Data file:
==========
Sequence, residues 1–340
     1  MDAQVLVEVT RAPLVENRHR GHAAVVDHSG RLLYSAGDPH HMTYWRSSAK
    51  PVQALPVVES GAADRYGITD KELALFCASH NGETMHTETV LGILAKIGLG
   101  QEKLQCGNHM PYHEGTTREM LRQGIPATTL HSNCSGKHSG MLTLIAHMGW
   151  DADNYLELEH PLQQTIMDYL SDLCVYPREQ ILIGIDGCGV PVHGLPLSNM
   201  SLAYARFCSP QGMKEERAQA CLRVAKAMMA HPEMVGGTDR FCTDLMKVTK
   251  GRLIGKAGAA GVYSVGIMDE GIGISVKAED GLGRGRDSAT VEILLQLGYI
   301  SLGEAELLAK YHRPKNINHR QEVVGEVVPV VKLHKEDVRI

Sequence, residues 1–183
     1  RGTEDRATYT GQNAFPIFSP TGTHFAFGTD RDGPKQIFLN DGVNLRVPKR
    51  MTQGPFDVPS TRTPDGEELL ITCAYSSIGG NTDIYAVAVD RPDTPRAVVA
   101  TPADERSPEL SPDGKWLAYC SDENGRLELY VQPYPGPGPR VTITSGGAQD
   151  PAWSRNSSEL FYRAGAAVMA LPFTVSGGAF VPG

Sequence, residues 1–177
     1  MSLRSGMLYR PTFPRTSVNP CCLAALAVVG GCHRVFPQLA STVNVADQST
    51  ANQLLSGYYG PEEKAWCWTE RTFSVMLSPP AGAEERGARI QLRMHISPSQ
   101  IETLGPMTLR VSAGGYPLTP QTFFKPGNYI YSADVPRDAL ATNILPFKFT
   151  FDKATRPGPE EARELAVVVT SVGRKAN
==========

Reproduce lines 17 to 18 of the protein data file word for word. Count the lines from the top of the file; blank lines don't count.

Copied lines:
   101  IETLGPMTLR VSAGGYPLTP QTFFKPGNYI YSADVPRDAL ATNILPFKFT
   151  FDKATRPGPE EARELAVVVT SVGRKAN